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Hydrodeoxygenation of Pinyon-Juniper Catalytic Pyrolysis Oil


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Hossein Jahromi
Hossein Jahromi

Hossein Jahromi

Doctoral Dissertation Defense
Department of Biological Engineering

Monday, November 5 at 2:30 PM

Foster Agblevor

Catalytic hydrodeoxygenation (HDO) of pyrolysis oil (bio-oil) is one of the most effective technologies to improve physico-chemical properties of bio-oil such as high acidity, poor stability, and low energy density. However, development of HDO catalysts has been a challenging task during past decades. Red mud (RM) which is an alkaline waste from alumina industry, was used to prepare a new multifunctional RM-supported nickel catalyst (Ni/RM) for the HDO of pinyon-juniper (PJ) catalytic pyrolysis oil. The Ni/RM catalyst was characterized by inductively coupled plasma atomic emission spectrometry (ICP-AES), X-ray diffraction analysis (XRD), scanning electron microscopy (SEM), BET specific surface area, and temperature programmed reduction (TPR). The catalytic activity of Ni/RM was compared with that of commercial Ni/SiO2-Al2O3 in three major HDO processes; HDO of the organic phase pyrolysis oil, HDO of the aqueous phase pyrolysis oil, and HDO of bio-oil model compounds.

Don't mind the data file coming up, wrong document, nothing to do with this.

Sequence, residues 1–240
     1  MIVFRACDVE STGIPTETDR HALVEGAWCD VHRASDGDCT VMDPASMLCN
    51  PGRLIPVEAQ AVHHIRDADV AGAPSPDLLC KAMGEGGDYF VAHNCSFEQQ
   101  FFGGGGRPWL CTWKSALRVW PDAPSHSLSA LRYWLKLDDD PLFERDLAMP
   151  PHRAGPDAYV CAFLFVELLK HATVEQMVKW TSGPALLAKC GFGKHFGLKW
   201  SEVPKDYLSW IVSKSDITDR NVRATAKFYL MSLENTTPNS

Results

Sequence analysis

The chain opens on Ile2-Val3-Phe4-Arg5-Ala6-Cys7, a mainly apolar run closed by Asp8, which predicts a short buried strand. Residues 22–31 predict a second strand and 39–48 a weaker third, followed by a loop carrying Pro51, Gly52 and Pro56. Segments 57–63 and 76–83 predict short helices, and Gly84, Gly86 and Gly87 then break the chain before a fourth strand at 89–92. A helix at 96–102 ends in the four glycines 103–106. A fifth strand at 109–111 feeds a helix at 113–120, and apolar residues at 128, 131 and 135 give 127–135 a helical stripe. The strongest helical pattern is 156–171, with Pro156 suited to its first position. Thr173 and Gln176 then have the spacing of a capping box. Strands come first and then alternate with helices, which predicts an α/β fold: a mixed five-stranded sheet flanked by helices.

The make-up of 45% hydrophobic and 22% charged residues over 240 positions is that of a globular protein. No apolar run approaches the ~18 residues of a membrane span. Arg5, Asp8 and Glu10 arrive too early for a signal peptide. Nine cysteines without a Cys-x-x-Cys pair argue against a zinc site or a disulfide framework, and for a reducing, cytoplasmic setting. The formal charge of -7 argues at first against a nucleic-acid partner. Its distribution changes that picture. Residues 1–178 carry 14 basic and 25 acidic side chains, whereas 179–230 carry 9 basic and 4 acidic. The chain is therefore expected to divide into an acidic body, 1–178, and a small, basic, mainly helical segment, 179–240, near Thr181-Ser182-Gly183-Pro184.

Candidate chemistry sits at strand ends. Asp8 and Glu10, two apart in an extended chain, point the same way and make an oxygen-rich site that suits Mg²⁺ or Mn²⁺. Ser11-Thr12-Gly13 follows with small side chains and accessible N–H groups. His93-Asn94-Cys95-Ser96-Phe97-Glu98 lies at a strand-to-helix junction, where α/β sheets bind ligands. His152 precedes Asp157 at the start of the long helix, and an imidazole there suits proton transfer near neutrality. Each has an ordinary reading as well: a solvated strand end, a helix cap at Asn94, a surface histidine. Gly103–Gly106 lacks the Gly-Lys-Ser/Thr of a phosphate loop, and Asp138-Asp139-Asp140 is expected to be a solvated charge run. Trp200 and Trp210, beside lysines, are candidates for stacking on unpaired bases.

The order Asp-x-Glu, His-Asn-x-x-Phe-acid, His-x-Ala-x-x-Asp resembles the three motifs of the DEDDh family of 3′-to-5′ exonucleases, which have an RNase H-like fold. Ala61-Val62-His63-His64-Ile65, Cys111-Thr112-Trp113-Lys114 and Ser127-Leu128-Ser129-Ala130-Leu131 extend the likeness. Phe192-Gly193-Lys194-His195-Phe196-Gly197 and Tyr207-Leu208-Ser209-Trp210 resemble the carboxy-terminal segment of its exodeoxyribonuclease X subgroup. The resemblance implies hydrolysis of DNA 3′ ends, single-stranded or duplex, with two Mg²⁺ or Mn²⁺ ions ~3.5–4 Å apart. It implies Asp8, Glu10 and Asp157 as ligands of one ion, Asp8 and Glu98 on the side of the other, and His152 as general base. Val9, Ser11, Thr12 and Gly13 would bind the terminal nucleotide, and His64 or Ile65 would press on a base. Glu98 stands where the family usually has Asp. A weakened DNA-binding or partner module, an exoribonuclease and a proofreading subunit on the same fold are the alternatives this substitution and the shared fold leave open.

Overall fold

HDO of the organic fraction of PJ bio-oil using Ni/RM produced more liquid (HDO oil), less gas, and less coke as compared to the commercial catalyst. Also less hydrogen was consumed in the case of Ni/RM. HDO of the aqueous phase pyrolysis oil using Ni/RM produced liquid hydrocarbons, whereas the commercial catalyst gasified the organics compound in the aqueous phase pyrolysis oil and did not produce liquid hydrocarbon. HDO studies of bio-oil model compounds showed that the formation of hydrocarbons using Ni/RM was due to the cross-reactions of HDO intermediates (such as anisole, furans, aldehydes, and ketones) on the RM support. RM (in reduced form) catalyzed ketonization and carbonyl alkylation reactions. Furthermore, the selectivity to BTX using Ni/RM was higher than the commercial catalyst after HDO of guaiacol model compound.

Coke formation, oxidation, and formation of nickel iron oxide contributed to the deactivation of Ni/RM during HDO process. After complete deactivation, the catalytic activity of Ni/RM was entirely restored by burning off the coke and activation by reduction using a reducing gas mixture of 10% H2 and 90% N2, however, the regeneration of the commercial Ni/SiO2-Al2O3 was not possible following the same procedure and the catalyst did not show HDO activity after regeneration/reduction.